The clock has started. The rhino can’t be left to lie on its chest a moment longer than necessary as it will crush its own lungs. Gauging the progression of the blindfold process from a safe distance, a unit of fleet-footed professionals carrying rattling boxes of equipment rapidly make for the stationary, sightless beast like a wave carrying its white horseman to the shore. 

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Urgent feet pound over uneven terrain. All hands are needed on deck to push the animal onto its side. The faster it can be processed and loaded, the better. The hind foot is quickly anchored by heavy ropes – tightly gripped by strong hands, this will serve as a braking device once the rhino is partially awoken and walked to its transport crate, and another front rope is fastened in the front to guide it.


A flurry of science and technology unfolds around the tranquillised animal as wildlife monitors and their helpers measure literally everything, sample blood and tissue, treat dart- and other wounds, spray for parasites, read existing microchips and insert new ones as per national regulations, cross-check identification with the capture list, draw giant numbers in special paint or chalk on the flanks and ear-notch or ear-tag as required. If a cow and calf have been darted simultaneously, the team divides to conquer the tasks on both animals at the same time.

It’s a buzz of activity, less synchronised perhaps on rhino number one and two with a hubbub of urgent instructions constantly exchanged, but the operation becomes progressively slicker with each rhino darted, until the well-oiled machine is achieving every obligatory task seamlessly and time efficiently. This is a top notch operation run by a world class team.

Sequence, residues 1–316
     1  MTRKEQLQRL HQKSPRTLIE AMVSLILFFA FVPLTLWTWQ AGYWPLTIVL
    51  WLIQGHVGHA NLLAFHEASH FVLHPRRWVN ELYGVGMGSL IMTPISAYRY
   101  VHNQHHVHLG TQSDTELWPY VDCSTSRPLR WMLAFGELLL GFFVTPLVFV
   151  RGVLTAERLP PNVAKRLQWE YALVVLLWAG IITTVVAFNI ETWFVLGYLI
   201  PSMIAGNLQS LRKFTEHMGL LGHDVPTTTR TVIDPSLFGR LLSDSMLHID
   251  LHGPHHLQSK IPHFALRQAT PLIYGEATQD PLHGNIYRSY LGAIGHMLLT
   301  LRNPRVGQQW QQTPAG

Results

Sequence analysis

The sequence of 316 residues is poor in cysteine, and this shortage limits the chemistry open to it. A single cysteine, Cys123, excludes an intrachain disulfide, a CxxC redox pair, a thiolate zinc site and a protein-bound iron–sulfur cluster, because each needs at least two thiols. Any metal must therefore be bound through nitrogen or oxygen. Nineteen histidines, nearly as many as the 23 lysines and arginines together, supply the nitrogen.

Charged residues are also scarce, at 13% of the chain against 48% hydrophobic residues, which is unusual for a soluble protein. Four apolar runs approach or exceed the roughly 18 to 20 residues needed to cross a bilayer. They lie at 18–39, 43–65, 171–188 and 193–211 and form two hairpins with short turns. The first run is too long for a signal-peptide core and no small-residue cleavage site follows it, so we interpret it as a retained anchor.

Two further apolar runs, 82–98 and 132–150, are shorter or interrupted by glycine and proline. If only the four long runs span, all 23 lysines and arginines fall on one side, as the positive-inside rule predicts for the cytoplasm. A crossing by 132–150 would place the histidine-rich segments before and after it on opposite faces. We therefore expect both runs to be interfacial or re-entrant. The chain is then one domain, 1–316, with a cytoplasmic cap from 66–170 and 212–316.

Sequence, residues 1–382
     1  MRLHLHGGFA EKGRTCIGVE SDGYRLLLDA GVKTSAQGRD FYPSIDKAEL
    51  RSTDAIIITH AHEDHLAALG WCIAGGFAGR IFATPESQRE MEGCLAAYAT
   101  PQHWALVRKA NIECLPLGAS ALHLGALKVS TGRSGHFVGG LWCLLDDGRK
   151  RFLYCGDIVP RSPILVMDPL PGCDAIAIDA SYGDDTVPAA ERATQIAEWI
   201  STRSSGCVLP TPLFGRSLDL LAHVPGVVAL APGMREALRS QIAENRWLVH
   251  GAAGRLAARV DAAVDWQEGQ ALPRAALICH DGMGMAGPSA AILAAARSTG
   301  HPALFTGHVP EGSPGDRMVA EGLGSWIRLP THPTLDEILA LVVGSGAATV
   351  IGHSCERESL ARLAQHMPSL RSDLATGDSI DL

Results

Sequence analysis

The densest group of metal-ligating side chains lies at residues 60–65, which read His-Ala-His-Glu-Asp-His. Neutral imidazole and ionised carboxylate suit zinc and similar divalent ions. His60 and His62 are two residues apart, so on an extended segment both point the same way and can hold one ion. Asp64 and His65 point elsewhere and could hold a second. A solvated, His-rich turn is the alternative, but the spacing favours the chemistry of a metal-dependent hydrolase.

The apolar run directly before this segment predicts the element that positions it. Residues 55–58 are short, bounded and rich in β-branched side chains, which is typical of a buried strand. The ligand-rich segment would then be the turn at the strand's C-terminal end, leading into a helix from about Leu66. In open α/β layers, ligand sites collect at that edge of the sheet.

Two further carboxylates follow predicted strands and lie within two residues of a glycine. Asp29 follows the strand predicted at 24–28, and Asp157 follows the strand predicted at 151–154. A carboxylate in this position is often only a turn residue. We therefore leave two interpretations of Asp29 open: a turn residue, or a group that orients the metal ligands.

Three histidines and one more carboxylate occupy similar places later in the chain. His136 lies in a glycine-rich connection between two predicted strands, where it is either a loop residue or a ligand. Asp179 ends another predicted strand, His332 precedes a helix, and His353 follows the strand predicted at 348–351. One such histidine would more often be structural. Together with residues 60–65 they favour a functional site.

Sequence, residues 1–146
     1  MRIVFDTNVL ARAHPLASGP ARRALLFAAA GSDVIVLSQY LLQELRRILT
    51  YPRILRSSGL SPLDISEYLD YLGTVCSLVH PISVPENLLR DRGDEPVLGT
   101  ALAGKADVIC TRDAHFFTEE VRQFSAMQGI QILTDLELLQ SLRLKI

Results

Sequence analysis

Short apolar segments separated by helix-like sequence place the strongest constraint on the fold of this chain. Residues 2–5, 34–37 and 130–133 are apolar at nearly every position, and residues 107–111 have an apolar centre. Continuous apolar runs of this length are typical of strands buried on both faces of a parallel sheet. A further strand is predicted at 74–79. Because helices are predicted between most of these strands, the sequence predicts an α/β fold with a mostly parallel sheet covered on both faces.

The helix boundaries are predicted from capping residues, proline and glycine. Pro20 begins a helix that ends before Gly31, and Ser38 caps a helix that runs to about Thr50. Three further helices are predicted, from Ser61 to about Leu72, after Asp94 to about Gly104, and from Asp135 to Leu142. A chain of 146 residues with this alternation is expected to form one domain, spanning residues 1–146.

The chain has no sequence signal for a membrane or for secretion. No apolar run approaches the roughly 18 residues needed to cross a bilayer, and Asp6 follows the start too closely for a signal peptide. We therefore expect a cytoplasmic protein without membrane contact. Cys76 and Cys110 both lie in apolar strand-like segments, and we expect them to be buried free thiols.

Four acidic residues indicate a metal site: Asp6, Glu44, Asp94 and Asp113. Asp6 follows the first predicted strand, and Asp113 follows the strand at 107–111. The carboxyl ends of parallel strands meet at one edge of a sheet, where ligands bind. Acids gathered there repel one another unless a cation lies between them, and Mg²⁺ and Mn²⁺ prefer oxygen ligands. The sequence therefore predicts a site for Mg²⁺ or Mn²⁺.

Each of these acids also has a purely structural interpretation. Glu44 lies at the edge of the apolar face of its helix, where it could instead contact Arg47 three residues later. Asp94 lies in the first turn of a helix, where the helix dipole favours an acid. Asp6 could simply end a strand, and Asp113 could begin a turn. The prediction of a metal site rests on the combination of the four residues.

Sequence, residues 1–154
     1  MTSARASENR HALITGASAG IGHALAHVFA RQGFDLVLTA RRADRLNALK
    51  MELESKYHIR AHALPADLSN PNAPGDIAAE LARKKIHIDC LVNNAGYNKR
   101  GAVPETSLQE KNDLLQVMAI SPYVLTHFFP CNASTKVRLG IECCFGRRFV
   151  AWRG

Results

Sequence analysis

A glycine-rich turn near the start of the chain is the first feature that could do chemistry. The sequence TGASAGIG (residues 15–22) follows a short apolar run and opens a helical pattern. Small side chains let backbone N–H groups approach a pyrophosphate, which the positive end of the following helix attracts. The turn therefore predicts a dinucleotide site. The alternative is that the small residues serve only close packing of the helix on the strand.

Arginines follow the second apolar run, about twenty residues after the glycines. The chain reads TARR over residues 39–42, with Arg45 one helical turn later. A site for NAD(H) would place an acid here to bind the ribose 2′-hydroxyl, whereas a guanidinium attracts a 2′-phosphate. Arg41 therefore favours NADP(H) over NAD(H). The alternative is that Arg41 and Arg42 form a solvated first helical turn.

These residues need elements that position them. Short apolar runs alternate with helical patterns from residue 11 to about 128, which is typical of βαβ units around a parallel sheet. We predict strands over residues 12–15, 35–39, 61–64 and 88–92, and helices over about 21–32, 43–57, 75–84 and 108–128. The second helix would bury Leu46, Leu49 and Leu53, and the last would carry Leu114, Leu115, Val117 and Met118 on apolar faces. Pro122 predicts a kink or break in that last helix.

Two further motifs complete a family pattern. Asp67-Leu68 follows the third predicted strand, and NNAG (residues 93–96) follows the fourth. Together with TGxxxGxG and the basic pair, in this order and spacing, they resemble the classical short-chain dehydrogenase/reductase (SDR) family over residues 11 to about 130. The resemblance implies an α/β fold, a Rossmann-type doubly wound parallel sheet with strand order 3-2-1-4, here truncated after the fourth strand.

A hmph of expelled air

Being so close to such a large, powerful animal rendered so vulnerable by a needle and small vial of liquid, is sobering. The protracted hmph of warm air escaping wide, quivering nostrils in a long exhale as people clamour around it, serves as a poignant reminder that this is very much a living being on which all these technical routines are being executed. Placing a hand on the warm skin on the side of the face or in the crook of a limb will deliver the same realisation. The skin may be thick and rough, often caked with mud and obese ticks, giving the false sense that a rhino has protective armour, but if that were indeed the case, this entire operation would be moot.

It is exactly because these gentle giants are totally defenceless against our own species that all of this is necessary. High-levels of poaching continue to exert unsustainable pressure on white rhino populations in South Africa and beyond so the whole point of this historic initiative is to extend their range to new places in Africa. By creating a secure breeding stronghold in Rwanda, which currently has no white rhinos, population growth is supported, underpinning the long-term survival of this species in the wild.

A swish of a twitching ear

It takes a second needle and vial of liquid to awaken the rhino, well partially so, enough to enable it to get up (with a little help from its human friends and the heavy ropes). Adult rhinos weigh in at over a ton, the bulls often over two tons, so the reversal agent is key to enabling the behemoth to carry its own body weight into the crate. Of all the lessons learned over the many years of pioneering translocation techniques (of which many of the people present have been an integral part), working out that rhinos can walk themselves into transport crates was the cleverest by far!